A brief guide to printmaking

My prints are all original artworks - they are not reproductions. I have designed, carved and created each plate or block, inked up the plates and either passed them through a press or burnished them by hand. Original artist's prints are made by hand one at a time so each has small variations and is effectively unique.

Below I've given a brief explanation of the different methods I use, and I've also put together a glossary of printmaking terms. For images of different processes have a look behind the curtain and to see examples of my work, browse the original prints section of my shop. For more tips, tutorials, video clips and explanations of work in progress, see my Instagram or sign up to my free newsletter, 'Dapple Scrumping'.

Linocut or linoprint

A piece of lino (or sometimes a vinyl developed for printmaking) is carved in relief. This means the parts that are cut away don't show on the final image. Sometimes a different block is used for each colour in a print, but in a reduction linocut only one block is used, with more being carved away for each colour. This means there is no going back.

The reduction print shown here was made using a single block, carved and printed in 10 stages.

Spring Birches, reduction linoprint by Jane Duke

Woodcut or woodblock

This is also a relief method and the basic principle is the same as linocut, but the different material produces a softer and more textured effect.The print on the right was made with two blocks and has the addition of chine collé, which means collage elements are added at the same time as the ink image is printed on the paper; in this print the chine collé element is the children's red scarves made from cut and torn scraps of mulberry paper.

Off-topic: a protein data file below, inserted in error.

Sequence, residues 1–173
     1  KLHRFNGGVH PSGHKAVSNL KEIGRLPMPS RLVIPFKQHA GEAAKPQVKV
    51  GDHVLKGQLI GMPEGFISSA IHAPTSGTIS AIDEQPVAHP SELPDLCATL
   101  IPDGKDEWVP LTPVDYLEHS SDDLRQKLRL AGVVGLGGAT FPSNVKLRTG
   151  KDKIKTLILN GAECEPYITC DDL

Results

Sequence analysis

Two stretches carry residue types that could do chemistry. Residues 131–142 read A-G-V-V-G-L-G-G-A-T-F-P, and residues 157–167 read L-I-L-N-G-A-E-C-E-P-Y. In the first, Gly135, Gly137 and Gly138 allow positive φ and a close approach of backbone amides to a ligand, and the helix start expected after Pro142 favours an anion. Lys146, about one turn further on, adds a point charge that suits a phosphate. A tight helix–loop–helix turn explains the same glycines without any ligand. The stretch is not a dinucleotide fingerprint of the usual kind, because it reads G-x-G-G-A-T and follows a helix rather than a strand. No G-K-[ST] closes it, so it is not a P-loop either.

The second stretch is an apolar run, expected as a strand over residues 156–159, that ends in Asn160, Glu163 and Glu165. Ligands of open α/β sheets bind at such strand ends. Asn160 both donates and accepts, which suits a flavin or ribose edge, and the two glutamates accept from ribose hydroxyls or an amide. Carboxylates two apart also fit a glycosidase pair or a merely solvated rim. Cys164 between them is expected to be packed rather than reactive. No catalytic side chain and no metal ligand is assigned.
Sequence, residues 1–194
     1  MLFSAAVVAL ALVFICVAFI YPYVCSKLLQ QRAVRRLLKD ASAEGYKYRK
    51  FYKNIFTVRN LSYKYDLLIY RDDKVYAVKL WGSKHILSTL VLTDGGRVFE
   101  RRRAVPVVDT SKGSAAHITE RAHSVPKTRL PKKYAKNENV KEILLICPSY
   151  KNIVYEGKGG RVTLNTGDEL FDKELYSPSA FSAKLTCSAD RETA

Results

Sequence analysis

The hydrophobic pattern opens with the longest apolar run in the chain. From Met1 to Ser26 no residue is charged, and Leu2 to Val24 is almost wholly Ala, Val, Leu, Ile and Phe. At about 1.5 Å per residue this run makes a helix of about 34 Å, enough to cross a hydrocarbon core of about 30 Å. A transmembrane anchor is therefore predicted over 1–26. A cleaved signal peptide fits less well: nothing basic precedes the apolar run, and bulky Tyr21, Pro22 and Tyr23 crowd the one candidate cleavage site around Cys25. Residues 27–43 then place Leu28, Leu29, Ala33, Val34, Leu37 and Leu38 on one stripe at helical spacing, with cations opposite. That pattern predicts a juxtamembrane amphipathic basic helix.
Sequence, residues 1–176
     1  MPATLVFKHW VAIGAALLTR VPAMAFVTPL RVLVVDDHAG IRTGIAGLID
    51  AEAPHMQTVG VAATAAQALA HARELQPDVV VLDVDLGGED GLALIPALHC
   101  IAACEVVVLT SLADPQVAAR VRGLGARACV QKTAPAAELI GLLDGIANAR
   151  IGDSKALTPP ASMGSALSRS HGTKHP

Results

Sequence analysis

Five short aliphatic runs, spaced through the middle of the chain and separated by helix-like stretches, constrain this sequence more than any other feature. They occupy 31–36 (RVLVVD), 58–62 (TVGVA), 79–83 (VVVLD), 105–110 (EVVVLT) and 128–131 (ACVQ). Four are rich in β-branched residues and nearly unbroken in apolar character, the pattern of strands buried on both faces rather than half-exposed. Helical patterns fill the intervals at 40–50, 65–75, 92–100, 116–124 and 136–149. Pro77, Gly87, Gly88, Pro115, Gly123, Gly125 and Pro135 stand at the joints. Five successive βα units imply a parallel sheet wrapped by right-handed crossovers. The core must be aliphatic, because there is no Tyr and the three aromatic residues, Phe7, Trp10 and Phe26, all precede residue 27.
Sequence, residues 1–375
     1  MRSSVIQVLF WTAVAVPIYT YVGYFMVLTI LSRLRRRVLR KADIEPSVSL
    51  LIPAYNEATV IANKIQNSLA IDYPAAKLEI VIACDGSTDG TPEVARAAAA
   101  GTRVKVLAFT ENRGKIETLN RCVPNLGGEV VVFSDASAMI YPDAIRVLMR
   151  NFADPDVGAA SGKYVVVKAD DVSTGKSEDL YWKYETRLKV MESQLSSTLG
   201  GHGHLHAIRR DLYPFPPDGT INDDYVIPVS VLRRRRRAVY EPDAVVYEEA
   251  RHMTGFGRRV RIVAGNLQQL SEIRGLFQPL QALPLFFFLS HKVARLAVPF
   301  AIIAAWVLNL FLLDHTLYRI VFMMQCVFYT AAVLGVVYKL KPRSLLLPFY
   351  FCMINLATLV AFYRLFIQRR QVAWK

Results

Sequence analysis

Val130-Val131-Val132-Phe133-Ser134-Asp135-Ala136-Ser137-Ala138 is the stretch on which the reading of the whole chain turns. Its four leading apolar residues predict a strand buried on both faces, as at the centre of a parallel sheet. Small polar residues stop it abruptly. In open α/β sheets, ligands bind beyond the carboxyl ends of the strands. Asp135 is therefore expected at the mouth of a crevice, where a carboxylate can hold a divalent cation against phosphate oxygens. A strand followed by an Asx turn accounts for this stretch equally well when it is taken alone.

I Was Following - woodcut by Jane Duke

Moku hanga - Japanese watercolour woodblock

This is the traditional Japanese woodcut technique. Instead of rolling on ink, the blocks are brushed with watercolour paint and rice paste. The layers of colour are built up and shaded gradually as the printmaker hand burnishes the image onto fine paper.

This print was made with five separate woodblocks, with some being used more than once with varied applications of paint to create the blending and shading.

Oak and Yew - moku hanga by Jane Duke

Drypoint etching

Unlike the previous three techniques, etching is an intaglio method. This means that the lines cut or scratched into a metal or acrylic plate are the ones which will show up on the final print. Ink is forced into the cut lines, wiped away from the rest of the surface, and then the plate is passed through a very high pressure press which pushes damp paper right down into the incised lines, picking up the ink.

Careful wiping of the ink can also create textures and lines on the flat surfaces, as in this print.

Storm Over Skye - drypoint etching by Jane Duke


This method combines both relief and intaglio techniques. Blocks are created by building up collaged layers and using different textures. Ink can be applied using a variety of tools to create different marks before passing the block and dampened paper through an etching press. As well as the coloured image, the imprint of the block itself will be embossed into the paper.

The block for this print included textured wallpaper, pva glue, filler and scorching with a blow torch.

Reflections of Avebury - collagraph by Jane Duke